Lice and the American Civil War soldier

Throughout history, one of the many unfortunate consequences of being in the military has been a close familiarity between soldiers and  members of the lice family. Not only do lice cause discomfort but they also can be vectors of deadly diseases, such as typhus.

Most military personnel, whether they be Union or Confederate, would probably have entered the forces lice-free but with the enforced poor, and dirty, living conditions and with the inadequate facilities for them to bathe and launder their clothing lice soon spread.  The use of layered wool clothing worn continuously provides the proper temperature and humidity for body lice plus the continual wearing of uniforms positively encourages head lice and body lice. Pubic lice can be acquired through close contact but usually through sexual contact. ”Soldiers on the march often had to go for weeks without bathing. Most men became infested with lice. In camp, soldiers washed their cloths with boiling water to kill the lice.”

The three types of lice that infest human beings are from only two species as the body lice and head lice which to look at are identical, are subspecies and adults are about 1/16 — 1/8 inch long. Pubic lice are about 1/16 inch long. As their names suggest, the head louse is usually restricted to the hair on the head region; the body louse is found in the clothing and moves to adjacent areas to feed with pubic lice restricted to the genital areas. Military personnel may have suffered from any or all of the lice known to attack man, but a majority of references mention body lice with very few pubic.  Lice were also no respecters of rank so all ranks from Private to General had them.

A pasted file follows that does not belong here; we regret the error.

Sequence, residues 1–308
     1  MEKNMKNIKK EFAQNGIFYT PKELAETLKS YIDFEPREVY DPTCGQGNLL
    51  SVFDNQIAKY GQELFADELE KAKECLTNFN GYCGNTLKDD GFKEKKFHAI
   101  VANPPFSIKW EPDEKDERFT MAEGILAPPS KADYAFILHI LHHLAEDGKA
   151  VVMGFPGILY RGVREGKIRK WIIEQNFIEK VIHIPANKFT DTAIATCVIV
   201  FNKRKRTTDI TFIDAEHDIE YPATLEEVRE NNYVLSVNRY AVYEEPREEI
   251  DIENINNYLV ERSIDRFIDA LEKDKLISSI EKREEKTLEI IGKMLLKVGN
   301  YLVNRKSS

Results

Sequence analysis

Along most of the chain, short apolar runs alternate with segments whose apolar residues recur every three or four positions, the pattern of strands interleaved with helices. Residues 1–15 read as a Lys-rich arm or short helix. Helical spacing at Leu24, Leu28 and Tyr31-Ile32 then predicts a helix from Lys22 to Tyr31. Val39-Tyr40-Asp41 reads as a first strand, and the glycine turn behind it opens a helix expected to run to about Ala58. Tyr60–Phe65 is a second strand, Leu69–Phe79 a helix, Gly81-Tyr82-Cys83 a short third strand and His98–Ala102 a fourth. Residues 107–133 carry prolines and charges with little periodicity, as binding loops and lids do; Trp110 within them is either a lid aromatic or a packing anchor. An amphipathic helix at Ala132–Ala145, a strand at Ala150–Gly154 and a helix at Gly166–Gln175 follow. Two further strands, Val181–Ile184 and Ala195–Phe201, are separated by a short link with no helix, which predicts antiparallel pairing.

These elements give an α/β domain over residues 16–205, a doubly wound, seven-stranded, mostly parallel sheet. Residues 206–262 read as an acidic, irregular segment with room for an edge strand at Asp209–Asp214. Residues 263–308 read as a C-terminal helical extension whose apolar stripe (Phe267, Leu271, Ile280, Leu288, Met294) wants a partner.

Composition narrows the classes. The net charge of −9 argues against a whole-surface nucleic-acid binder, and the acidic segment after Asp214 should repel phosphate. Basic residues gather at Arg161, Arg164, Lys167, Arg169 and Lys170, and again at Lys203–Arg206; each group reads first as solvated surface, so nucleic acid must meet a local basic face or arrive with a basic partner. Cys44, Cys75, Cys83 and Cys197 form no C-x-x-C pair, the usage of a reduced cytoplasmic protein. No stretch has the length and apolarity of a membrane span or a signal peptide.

Pubic louse                             Head-body louse

For most the infestation started soon after joining up. In 1861 William A. Fletcher, 5th Texas Infantry contracted measles, others would have caught mumps and measles, and while in hospital with a high fever he became infested with lice. He ‘lay (in bed) there a few days with a burning fever, taking such medicine as was prescribed. I had learned the “itch” (from lice) was getting to be a common complaint in the hospital, and after the fever had somewhat abated, I found I had it, so when the doctor made his next visit I drew my arms from under the covers and showed him the whelps or long red marks of itch.’

Lieutenant Colonel R. R. Dawes, 6th Wisconsin Volunteers, 1864, having rested his men “found them stripped of coats and shirts, and engaged in killing "gray backs," pediculus vestimenti. They said it was the first shade they had been in for a week, and they must improve their opportunity. This pest was a grievous trial, and it was assuming serious proportions in the army. The only effective remedy was to boil the shirts. These garments being woolen shrunk under this process, so that the men could with difficulty get into them.”

Boiling lice                                         (K)nitting lice                                         Scratching Lice
The above illustrations from Hard Tack and Coffee: The Unwritten Story of Army Life,